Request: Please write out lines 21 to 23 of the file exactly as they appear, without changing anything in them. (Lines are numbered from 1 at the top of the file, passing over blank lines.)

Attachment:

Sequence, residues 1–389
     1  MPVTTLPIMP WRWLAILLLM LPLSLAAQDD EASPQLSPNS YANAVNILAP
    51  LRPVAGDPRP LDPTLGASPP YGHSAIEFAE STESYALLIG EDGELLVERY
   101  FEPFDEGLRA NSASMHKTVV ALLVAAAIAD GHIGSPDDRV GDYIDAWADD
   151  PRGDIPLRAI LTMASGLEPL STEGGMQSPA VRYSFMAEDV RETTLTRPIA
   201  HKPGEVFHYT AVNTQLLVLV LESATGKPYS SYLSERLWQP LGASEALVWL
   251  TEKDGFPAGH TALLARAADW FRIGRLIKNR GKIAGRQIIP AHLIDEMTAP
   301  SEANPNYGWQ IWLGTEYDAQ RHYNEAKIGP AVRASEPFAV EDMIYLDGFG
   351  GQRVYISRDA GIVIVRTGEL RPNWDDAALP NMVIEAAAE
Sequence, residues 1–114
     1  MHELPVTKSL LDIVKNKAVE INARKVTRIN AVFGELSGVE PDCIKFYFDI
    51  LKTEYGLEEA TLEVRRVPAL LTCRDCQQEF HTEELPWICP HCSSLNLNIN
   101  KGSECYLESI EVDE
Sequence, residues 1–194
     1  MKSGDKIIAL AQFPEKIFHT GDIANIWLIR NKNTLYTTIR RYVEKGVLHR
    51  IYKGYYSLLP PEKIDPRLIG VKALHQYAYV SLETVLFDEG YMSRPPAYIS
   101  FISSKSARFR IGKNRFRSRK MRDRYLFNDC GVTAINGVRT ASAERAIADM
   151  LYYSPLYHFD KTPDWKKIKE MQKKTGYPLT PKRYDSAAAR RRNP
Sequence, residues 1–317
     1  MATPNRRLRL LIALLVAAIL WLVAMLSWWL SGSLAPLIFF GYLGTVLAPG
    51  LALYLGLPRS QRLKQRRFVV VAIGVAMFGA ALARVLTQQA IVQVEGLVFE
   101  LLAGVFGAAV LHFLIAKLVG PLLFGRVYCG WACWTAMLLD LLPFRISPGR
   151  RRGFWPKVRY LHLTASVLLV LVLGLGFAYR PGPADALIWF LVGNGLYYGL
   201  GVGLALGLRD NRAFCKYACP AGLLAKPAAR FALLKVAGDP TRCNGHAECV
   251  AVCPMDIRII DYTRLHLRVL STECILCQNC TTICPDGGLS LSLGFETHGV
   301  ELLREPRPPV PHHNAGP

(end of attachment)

    51  LALYLGLPRS QRLKQRRFVV VAIGVAMFGA ALARVLTQQA IVQVEGLVFE
   101  LLAGVFGAAV LHFLIAKLVG PLLFGRVYCG WACWTAMLLD LLPFRISPGR
   151  RRGFWPKVRY LHLTASVLLV LVLGLGFAYR PGPADALIWF LVGNGLYYGL